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Get Ready Before It’s Too Late

November 23, 2011

Winter is just around the corner. Are you ready? Here are some things to check.

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Thanksgiving Proclamation for 2011

November 23, 2011

This is the time of the year to come together and remember how fortunate we are for all we have. Every year our current president gives a Thanksgiving Proclamation. Below is President Obama’s for this year. You can view previous proclamations at the Pilgrim Hall Museum. Happy Thanksgiving!


Thanksgiving Day 2011
A Proclamation by the President of the United States of America

November 24, 2011


     One of our Nation’s oldest and most cherished traditions, Thanksgiving Day brings us closer to our loved ones and invites us to reflect on the blessings that enrich our lives.  The observance recalls the celebration of an autumn harvest centuries ago, when the Wampanoag tribe joined the Pilgrims at Plymouth Colony to share in the fruits of a bountiful season.  The feast honored the Wampanoag for generously extending their knowledge of local game and agriculture to the Pilgrims, and today we renew our gratitude to all American Indians and Alaska Natives.  We take this time to remember the ways that the First Americans have enriched our Nation’s heritage, from their generosity centuries ago to the everyday contributions they make to all facets of American life.  As we come together with friends, family, and neighbors to celebrate, let us set aside our daily concerns and give thanks for the providence bestowed upon us.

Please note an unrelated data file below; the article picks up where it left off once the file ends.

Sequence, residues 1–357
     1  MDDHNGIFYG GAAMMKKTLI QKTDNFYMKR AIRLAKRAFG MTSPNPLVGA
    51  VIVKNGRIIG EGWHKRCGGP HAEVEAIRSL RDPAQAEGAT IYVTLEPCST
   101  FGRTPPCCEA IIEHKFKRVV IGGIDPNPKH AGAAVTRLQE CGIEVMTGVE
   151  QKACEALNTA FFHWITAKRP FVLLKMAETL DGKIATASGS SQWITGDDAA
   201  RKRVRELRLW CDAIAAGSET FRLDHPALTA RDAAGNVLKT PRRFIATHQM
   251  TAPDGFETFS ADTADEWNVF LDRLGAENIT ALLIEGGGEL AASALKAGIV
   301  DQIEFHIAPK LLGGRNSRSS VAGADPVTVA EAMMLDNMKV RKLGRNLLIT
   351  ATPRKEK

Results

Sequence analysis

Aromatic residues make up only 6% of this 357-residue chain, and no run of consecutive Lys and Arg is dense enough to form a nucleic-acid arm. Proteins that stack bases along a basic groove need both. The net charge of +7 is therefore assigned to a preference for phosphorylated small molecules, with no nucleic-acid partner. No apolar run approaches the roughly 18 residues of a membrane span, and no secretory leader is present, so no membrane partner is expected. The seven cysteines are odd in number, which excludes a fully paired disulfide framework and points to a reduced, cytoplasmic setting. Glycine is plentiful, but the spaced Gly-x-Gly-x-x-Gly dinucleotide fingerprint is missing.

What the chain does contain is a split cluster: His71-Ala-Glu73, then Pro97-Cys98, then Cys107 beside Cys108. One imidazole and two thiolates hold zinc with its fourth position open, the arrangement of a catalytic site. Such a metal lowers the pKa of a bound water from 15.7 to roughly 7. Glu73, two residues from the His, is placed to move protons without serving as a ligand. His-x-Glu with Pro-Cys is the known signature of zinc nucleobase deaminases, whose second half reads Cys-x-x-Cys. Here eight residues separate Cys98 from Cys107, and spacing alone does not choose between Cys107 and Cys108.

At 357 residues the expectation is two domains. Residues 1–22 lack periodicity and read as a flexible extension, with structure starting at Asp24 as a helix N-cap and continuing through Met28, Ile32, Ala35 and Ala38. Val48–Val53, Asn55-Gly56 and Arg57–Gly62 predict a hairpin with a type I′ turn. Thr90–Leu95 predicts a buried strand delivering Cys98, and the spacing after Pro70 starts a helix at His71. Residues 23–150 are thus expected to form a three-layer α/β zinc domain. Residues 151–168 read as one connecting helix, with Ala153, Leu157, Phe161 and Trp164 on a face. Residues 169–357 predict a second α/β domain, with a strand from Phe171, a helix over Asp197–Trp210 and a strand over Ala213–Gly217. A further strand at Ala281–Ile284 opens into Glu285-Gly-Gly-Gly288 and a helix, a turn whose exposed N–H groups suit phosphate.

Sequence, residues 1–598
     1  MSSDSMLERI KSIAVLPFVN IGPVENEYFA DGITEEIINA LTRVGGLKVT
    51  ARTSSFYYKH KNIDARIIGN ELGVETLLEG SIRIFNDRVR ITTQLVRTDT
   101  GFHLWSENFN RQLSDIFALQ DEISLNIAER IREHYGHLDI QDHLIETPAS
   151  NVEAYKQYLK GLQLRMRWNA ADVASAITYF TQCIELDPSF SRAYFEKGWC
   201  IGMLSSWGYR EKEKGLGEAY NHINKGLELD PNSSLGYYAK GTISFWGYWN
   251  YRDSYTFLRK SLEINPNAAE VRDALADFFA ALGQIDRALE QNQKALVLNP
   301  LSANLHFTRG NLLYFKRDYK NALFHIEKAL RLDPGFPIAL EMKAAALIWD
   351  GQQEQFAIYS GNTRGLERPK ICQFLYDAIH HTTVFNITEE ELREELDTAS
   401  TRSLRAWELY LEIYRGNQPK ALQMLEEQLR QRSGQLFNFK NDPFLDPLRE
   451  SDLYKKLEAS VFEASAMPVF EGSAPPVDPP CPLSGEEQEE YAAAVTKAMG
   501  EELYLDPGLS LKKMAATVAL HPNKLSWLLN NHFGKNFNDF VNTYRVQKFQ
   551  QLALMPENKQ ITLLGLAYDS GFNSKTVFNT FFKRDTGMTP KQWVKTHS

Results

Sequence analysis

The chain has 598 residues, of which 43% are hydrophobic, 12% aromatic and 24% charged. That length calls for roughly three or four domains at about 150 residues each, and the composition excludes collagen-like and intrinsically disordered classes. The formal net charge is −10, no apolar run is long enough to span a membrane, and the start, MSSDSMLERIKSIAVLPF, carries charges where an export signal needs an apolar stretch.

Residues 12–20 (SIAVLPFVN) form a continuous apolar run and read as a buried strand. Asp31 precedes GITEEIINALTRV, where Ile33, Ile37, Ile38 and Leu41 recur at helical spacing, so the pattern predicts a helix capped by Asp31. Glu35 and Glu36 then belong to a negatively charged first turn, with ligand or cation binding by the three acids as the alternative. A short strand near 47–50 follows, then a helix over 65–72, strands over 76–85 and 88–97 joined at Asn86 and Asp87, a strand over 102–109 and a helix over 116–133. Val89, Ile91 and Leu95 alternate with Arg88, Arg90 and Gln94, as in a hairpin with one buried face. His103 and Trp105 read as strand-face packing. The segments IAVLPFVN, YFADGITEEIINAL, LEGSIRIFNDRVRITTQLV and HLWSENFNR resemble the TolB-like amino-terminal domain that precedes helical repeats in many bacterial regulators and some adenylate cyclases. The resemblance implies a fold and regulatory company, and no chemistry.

Though our traditions have evolved, the spirit of grace and humility at the heart of Thanksgiving has persisted through every chapter of our story.  When President George Washington proclaimed our country’s first Thanksgiving, he praised a generous and knowing God for shepherding our young Republic through its uncertain beginnings.  Decades later, President Abraham Lincoln looked to the divine to protect those who had known the worst of civil war, and to restore the Nation “to the full enjoyment of peace, harmony, tranquility, and union.”

     In times of adversity and times of plenty, we have lifted our hearts by giving humble thanks for the blessings we have received and for those who bring meaning to our lives.  Today, let us offer gratitude to our men and women in uniform for their many sacrifices, and keep in our thoughts the families who save an empty seat at the table for a loved one stationed in harm’s way.  And as members of our American family make do with less, let us rededicate ourselves to our friends and fellow citizens in need of a helping hand.

     As we gather in our communities and in our homes, around the table or near the hearth, we give thanks to each other and to God for the many kindnesses and comforts that grace our lives.  Let us pause to recount the simple gifts that sustain us, and resolve to pay them forward in the year to come.

     NOW, THEREFORE, I, BARACK OBAMA, President of the United States of America, by virtue of the authority vested in me by the Constitution and the laws of the United States, do hereby proclaim Thursday, November 24, 2011, as a National Day of Thanksgiving.  I encourage the people of the United States to come together    whether in our homes, places of worship, community centers, or any place of fellowship for friends and neighbors    to give thanks for all we have received in the past year, to express appreciation to those whose lives enrich our own, and to share our bounty with others.

     IN WITNESS WHEREOF, I have hereunto set my hand this sixteenth day of November, in the year of our Lord two thousand eleven, and of the Independence of the United States of America the two hundred and thirty-sixth.


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Renovation vs. New Build and Job Creation

November 9, 2011